Hotel for birds
Plan hatched to secure Holman Island as bird sanctuary
“Eventually, the birds will return, and that’s why it’s so important to protect coastal offshore Islands, like Holman’s. So they remain an isolated habitat for perpetuity and are always available for birds to nest on.” Julie Vasseur, program director, Nature Conservancy of Canada
Holman Island in Bedeque Bay is tranquil and breathtaking and once housed one of Canada’s first major resorts, but is also home to some spectacular bird species.
Although the bare bones of the resort still remain (after it was abandoned and burned down), an ambitious fundraising project by the Nature Conservancy of Canada (NCC) is attempting to preserve the 90-acre area of ecological significance for future generations.
Julie Vasseur, program director with the NCC, said the project to secure the Island will soon be finalized.
“We are in the midst of dotting I’s and crossing the T’s, so to speak,” said Vasseur.
“As part of our agreement with the federal government, we are obligated to inform them of our progress. So that effort is underway. We also have a meeting next week with local Member of Parliament, Bobby Morrissey. “I would anticipate that once all the funding partners are notified, paperwork is finalized, and we have received dates that are suitable for everyone, we will update the public.”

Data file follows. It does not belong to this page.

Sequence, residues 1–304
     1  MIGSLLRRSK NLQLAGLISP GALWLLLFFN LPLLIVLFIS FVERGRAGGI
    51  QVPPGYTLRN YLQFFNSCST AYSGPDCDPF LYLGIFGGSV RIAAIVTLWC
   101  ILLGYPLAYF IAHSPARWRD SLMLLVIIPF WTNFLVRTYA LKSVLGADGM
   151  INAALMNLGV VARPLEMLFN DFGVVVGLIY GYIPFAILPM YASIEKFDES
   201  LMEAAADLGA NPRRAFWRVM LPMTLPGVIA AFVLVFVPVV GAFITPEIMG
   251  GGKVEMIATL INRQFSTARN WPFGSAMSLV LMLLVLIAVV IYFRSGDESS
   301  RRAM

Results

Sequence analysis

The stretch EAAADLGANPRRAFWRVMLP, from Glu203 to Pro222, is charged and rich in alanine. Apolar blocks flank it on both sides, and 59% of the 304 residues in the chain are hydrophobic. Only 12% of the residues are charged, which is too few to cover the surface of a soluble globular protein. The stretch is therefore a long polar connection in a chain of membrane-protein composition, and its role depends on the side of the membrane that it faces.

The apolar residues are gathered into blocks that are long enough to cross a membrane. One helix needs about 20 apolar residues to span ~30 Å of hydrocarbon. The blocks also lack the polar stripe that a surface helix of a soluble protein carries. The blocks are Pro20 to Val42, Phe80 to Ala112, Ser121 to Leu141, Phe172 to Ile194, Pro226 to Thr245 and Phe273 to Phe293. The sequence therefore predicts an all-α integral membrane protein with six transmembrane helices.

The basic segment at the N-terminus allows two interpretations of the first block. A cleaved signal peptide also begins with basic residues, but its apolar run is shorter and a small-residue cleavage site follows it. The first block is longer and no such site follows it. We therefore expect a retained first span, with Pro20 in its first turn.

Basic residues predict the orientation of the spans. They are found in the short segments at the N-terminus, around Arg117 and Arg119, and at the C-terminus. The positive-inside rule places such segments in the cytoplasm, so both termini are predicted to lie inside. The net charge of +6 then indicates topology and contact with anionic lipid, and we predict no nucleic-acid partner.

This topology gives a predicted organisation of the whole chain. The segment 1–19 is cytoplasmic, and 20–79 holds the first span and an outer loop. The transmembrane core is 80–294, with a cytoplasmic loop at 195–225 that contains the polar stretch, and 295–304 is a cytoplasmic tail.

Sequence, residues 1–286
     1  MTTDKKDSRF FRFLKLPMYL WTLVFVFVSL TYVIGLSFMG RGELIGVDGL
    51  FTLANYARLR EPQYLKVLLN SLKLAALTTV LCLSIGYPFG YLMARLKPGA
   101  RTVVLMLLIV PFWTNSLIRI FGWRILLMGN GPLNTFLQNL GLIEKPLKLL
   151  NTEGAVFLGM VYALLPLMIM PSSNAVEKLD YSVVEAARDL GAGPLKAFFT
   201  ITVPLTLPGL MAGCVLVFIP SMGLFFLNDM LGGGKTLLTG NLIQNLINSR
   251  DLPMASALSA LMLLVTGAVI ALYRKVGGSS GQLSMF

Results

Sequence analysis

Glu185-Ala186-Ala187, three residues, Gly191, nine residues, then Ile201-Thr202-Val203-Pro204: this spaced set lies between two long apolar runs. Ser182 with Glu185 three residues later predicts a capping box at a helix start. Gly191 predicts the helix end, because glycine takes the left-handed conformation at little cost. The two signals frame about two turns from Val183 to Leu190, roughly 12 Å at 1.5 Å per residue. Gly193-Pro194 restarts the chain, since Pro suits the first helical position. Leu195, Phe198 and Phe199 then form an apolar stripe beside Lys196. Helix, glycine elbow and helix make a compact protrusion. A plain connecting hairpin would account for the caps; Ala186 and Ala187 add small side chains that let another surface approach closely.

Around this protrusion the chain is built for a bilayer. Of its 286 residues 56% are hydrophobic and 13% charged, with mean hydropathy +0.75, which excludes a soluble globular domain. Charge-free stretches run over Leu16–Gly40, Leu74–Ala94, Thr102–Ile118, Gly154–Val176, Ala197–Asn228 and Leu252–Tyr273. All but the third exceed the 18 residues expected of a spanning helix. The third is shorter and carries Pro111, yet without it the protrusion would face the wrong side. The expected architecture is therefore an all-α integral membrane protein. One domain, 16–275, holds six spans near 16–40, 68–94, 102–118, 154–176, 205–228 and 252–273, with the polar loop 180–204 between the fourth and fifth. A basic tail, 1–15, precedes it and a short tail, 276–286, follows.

The total conservation project — that includes acquiring the land, administrative expenses, legal fees and appraisals, and various other costs — comes to more than $500,000.
It’s important to nail down the project in order to perpetually offer a safe haven for migrating and nesting birds, in particular great blue herons, Vasseur said. The majestic crane-like birds nest under the green canopy of the mature Acadian Forest, and cruise along the coastline in search of fish.
“Eventually, the birds will return, and that’s why it’s so important to protect coastal offshore Islands, like Holman’s,” said Vasseur. “So they remain an isolated habitat for perpetuity and are always available for birds to nest on.”
The NCC plans to raise money to address any management issues on the Island. This includes covering the openings of the wells located at the hotel site with wildlife grates, and installing interpretive signs on select areas of the shoreline, for anyone visiting.
Anyone who would like to know more about the NCC conservation project can contact the P.E.I. office on: 902-892-3608, or visit the website: natureconservancy.ca.